Bodega Prime Starts from Scratch

By Candolin Cook · Photos by Stephanie Cameron

Left: Condiments from the grab-and-go case. Right: Noela Figueroa, chef and owner of Bodega Prime.

“Get the steak sandwich!” shouts Bodega Prime chef/owner Noela Figueroa to a patron seated at the lunch counter. The man looks up and gives a familiar smile and wave to Figueroa, who is holding up her own half-eaten Aleppo spice-rubbed steak sandwich for him to see. The man hands his menu back to his server, reciting the classic film quote: “I’ll have what she’s having.”

Good choice. Layered between warm ciabatta rests local Aleppo-spiced steak, coffee-pickled beets, cilantro, and “smen” aioli (a spread inspired by a fermented butter popular in the Middle East). The spicy, tangy, and smoky flavors meld together beautifully. But this chef’s choice is hardly the only stellar option on a breakfast and lunch menu teeming with local produce, meats, breads, and cheeses as well as house-made chutneys, pickles, aiolis, relishes, and jams. My own selection this afternoon is the buttermilk brined fried chicken with bok choy slaw, sweet pickles, honey, and thinly sliced jalapeños on a house-made brioche bun. It’s the perfect choice to satisfy my sweet and salty cravings. It’s also the worst choice for trying to conduct my interview with Figueroa—both because the warm honey is dripping all over my hands, making it difficult to take notes, and because it’s so delicious I don’t want to put it down.

Between mouthfuls of our sandwiches and sesame-seed french fries dipped in house-made plum ketchup, I manage to learn that Figueroa is a twenty-three year veteran of the food industry. In Seattle, she apprenticed under William Leaman, a World Cup winner at the Coupe du Monde de la Boulangerie in Paris (basically the baking Olympics), followed by positions as pastry chef and chef de cuisine at celebrated restaurants and bakeries in Seattle; Portland, Oregon; and Santa Fe. At one point, Figueroa became disillusioned with the restaurant industry and debated quitting altogether. “When only fifteen percent of executive chef positions go to women, it’s hard not to get discouraged. I decided to attend college and studied art and cultural history,” she tells me. But she ultimately returned to cooking and, in 2012, bypassed the hiring process by starting her own restaurant, Fold Community Kitchen, in Colorado. The restaurant encompassed many of the elements she’d later incorporate into Bodega Prime: organic ingredients, local sourcing, seasonal menus, and scratch-made cooking.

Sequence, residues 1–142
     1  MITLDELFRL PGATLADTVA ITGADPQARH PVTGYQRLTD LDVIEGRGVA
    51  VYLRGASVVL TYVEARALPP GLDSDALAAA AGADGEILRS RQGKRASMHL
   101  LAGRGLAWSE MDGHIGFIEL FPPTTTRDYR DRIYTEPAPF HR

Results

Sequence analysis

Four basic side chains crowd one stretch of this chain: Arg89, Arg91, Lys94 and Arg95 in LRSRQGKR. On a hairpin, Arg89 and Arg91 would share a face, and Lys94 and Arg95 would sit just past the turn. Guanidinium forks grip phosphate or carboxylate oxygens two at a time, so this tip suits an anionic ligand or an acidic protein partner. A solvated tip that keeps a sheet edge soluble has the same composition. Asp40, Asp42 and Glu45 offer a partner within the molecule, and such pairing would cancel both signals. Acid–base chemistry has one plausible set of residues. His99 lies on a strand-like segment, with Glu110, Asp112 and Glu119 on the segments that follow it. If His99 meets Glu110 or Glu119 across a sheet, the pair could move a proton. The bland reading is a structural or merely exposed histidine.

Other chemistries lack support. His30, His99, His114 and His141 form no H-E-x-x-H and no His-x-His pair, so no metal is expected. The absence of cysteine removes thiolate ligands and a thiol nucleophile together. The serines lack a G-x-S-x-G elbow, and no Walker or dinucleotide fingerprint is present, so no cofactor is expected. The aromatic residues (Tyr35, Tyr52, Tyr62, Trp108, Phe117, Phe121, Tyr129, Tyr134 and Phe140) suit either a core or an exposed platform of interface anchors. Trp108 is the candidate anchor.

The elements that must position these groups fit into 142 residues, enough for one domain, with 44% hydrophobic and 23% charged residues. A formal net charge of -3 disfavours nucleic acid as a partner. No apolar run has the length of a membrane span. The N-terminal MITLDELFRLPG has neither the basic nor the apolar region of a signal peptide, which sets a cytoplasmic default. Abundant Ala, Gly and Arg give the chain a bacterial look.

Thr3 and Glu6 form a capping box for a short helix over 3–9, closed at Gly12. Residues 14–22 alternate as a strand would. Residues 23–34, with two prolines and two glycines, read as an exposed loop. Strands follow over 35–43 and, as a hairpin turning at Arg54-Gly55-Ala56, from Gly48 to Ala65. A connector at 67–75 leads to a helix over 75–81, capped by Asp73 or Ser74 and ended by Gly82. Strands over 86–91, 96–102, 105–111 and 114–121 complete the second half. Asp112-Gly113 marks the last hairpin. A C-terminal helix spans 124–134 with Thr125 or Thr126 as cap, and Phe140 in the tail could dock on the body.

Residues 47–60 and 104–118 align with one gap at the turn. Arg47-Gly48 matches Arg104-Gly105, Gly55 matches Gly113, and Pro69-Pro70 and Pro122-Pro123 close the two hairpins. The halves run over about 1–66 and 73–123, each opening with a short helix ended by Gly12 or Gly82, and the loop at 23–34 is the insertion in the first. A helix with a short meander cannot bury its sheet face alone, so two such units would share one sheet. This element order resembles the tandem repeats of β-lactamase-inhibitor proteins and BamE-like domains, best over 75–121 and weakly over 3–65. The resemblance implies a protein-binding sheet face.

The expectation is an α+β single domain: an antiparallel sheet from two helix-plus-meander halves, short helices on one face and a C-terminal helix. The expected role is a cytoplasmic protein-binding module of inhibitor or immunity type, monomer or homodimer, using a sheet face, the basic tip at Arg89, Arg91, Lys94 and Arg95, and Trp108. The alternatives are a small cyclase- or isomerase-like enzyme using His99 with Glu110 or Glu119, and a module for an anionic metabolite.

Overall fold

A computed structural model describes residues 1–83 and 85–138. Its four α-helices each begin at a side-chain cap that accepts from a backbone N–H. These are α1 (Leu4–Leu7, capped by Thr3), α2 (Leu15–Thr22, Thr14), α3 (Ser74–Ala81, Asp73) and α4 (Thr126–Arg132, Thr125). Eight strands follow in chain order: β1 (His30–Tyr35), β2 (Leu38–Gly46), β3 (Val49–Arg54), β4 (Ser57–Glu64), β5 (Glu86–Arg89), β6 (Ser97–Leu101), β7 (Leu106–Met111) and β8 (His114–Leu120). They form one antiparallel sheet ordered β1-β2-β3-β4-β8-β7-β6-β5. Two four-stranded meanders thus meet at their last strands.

After leaving Colorado, Figueroa saw a niche for a fast, casual concept restaurant in Santa Fe, with a few tables and a deli case chock-full of prepared and baked goods. Bodega Prime opened in the summer of 2016, and has been so popular they’ve recently knocked down a wall and expanded their dining room. “My original vision was to be more of a take-out deli,” Figueroa explains, “but this town likes restaurants. It’s not such a fast-paced lifestyle here, people want to take their time and enjoy their meal.” And the chef has certainly created a space that few diners are in a hurry to leave. From the stylish enamel cups and stoneware plates to the fastidiously clean, open kitchen and the well-curated retail section of homewares, Figueroa’s attention to detail, quality, and taste permeates every aspect of the restaurant.